Figure 5: Beginning at age 15, more teens regularly ride with a teen driver—and the number of teen passengers who die in crashes increases, too.3

“We might be going to the grocery store right around the block.”


Seat Belts We found that one in four teens say they don’t use a seat belt every single time they ride with a teen driver without an adult (Figure 6). Yet wearing a seat belt is one of the easiest and most effective ways to stay safe as a driver or passenger. In addition to being available in all cars, when used, seat belts reduce the risk of death for front seat passengers by 45 percent.12 In our survey, we found that there are some important differences between teens who use a seat belt every time they ride with a teen driver, and those who don’t (Figure 7). For example, we found in the survey that teens who don’t use a seat belt every time are more likely to have parents who don’t always use seat belts. And the top reason teens gave for why they didn’t use a seat belt every time when riding with a teen driver was that they forgot or it wasn’t a habit (34 percent) (Figure 8). They also said they wouldn’t use a seat belt if they weren’t traveling far (16 percent), if the seat belts were uncomfortable (11 percent), or if they were in a hurry (5 percent). This data, on top of the fact that many of these teens admitted their parents don’t use a seat belt every time, suggests that buckling up is a practice that starts young—when children are riding in car seats and watching their parents behavior over many years.

One in four teens doesn't use a seat belt every single time when riding with a teen driver without an adult in the car.

When teenagers were asked whether other teens always used their seat belts, their perspectives changed. Although 77 percent of teens say they use a seat belt every single time they ride with a teen driver, only 16 percent think other teens use a seat belt every time when riding with a teen driver. Eight out of ten teens think other teens are less likely to buckle up when not driving far, and half said that not having enough seat belts in the car for all the passengers was a reason (Figure 9). Thirty-three percent said that going to a party was a reason why teens might not wear seat belts; girls were more likely (36 percent) than boys (29 percent) to use this reasoning. Using a seat belt isn’t important just for the passenger’s safety; a study found that having a passenger who wasn’t using a seat belt sitting behind a restrained driver increased the risk of death to the driver by 137 percent, compared to having a passenger who was using a seat belt behind them.13 Figure 6: One in four teens doesn't use a seat belt every single time when riding with a teen driver without an adult in the car.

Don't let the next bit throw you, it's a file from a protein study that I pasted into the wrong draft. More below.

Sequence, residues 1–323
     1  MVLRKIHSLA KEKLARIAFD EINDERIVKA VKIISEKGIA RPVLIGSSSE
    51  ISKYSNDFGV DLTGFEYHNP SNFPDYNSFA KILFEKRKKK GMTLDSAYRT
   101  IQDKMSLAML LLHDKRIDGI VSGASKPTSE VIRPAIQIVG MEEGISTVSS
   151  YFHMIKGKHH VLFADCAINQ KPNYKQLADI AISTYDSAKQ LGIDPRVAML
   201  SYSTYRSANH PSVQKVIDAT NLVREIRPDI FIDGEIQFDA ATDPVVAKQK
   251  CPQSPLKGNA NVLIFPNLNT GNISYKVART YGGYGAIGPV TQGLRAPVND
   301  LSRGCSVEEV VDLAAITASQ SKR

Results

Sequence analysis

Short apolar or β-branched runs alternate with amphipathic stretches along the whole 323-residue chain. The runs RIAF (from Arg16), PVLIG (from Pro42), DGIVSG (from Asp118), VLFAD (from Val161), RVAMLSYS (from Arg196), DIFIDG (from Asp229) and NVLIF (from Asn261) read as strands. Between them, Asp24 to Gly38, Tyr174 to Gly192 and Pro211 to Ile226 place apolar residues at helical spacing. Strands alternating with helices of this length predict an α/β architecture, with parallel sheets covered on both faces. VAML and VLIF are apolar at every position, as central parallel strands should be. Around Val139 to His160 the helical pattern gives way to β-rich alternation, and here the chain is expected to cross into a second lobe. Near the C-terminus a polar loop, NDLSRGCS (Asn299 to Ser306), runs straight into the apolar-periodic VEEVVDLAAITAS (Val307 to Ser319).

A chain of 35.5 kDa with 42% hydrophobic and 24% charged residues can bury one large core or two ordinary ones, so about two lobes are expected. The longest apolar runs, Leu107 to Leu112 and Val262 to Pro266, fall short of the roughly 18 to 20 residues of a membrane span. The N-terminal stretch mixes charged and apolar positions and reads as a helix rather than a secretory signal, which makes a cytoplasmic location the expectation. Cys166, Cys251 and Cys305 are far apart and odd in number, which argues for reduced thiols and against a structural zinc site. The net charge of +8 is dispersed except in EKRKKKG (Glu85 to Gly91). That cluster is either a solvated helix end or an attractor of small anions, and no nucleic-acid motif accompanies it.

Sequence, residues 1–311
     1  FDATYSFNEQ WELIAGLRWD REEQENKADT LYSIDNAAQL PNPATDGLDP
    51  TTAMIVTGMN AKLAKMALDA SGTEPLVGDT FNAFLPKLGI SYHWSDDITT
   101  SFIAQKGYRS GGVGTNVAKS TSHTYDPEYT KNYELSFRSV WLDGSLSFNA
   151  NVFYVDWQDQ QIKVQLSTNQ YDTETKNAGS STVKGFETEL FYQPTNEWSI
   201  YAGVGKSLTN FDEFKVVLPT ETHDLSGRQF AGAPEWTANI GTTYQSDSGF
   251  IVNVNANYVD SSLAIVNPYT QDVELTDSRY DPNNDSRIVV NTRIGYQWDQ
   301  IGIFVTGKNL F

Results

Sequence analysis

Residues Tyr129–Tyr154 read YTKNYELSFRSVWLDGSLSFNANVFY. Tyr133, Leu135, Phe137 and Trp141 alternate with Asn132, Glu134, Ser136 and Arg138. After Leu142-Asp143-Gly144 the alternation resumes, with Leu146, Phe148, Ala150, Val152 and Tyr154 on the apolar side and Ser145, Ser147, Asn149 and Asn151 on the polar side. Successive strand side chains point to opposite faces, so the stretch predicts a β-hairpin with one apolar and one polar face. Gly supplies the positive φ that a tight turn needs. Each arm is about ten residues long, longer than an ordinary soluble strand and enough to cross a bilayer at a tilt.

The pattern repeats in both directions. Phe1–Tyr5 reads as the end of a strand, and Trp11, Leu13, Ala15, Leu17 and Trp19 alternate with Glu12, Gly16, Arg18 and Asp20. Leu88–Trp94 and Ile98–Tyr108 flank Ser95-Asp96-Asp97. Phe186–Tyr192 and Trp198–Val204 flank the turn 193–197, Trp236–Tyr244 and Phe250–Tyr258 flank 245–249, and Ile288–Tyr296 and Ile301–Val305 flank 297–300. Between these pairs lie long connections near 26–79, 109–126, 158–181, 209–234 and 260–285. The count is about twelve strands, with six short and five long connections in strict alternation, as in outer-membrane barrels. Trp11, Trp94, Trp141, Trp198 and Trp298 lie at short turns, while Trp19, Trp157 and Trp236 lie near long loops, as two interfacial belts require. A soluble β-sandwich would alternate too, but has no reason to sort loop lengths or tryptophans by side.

23%

Almost always/ the majority/ sometimes/ hardly ever/ never

77%

Every single time

Safe Kids Worldwide

9


Figure 7: Teens who don't use a seat belt every single time are more likely to… 80

Percent of Teens

Don’t use their seat belt

60 50 40

Use their seat belt

73%

70

51%

52%

47%

42%

38%

35%

30

23%

20

15% 7%

10 0

...be boys

16% 8%

...text while ...have parents ...think that ...have ridden ...have felt driving who don’t wear other teens with a teen unsafe with their seat belts hardly ever driver who had a teen every single wear their been drinking or driver time seat belts using drugs

Figure 8: Why don't you use your seat belt every single time? WHY NO SEAT BELT? Forgetfulness/habit

34%

Not going far/short drive

16%

Uncomfortable/don’t like the feeling

11% 8%

Don’t know In a hurry

5%

Trust the driver/feel safe without a seat belt

5% 4%

Inconvenient 0%

5%

10%

15%

20%

25%

30%

35%

Percent of teens who don’t use a seat belt every time

Figure 9: Why do you think other teens are less likely to buckle up? 90 80

81%

Percent of Teens

70 60 50

42%

50%

40

43% 33%

30 20

12%

10 0

30%

2% Not going far

10 Teens in Cars

Not enough seat belts in the car

In a rush

Going to Driver isn’t On a party using a weekends seat belt

1%

Peer Drunk/ pressure intoxicated

“IDK. I just don’t because most of the people I ride with don’t have it on either.”


Teen Passengers Are Concerned about Their Safety

“He was drinking and wouldn't let anyone else drive his car. He kept going really fast then really slow and ran a red light. He ended up parking half on a curb half off when we got to the party.”

Forty-nine percent of teens say there has been a time when they felt unsafe riding with a teen driver without an adult in the car, and 31 percent have felt unsafe with a parent driving (Figure 10). The fact that such a large proportion of teens have felt unsafe as a passenger is alarming. Given that so many teens were concerned about their safety, we wanted to understand what types of situations teens were confronted with as passengers. Figure 10: Half of teens have felt unsafe with a teen driver, and 31 percent have felt unsafe with a parent driving. 50

49% 40

Percent of Teens

EVER FELT UNSAFE WITH ANOTHER TEEN DRIVER?

30

31%

20 10 0

Felt unsafe with a teen driver

Felt unsafe with a parent driving

Four out of 10 teens report riding as a passenger with a teen driver who was talking on a phone (Figure 11). While we are aware of the risk that behaviors like speeding and drunk driving pose, dialing a phone can be a danger, too: one study found that the odds of a crash or near-crash in newly-licensed teen drivers was more than 8 times greater when dialing a cell phone.14 In our survey, we found that forty-two percent of teens say they have ridden with a teen driver who was speeding or driving recklessly, and 39 percent have been in the car with a teen driver who was texting. We heard from teens that 95 percent think other teens have ridden with drivers who were texting, showing just how widespread this issue is. Given that parents are role models for their children, we asked teens what they’ve seen their parents do when riding with them. Almost six in 10 have ridden with a parent who was talking on the phone, 28 percent have been with a parent who was texting, and 17 percent say they have been in an crash that was another driver’s fault.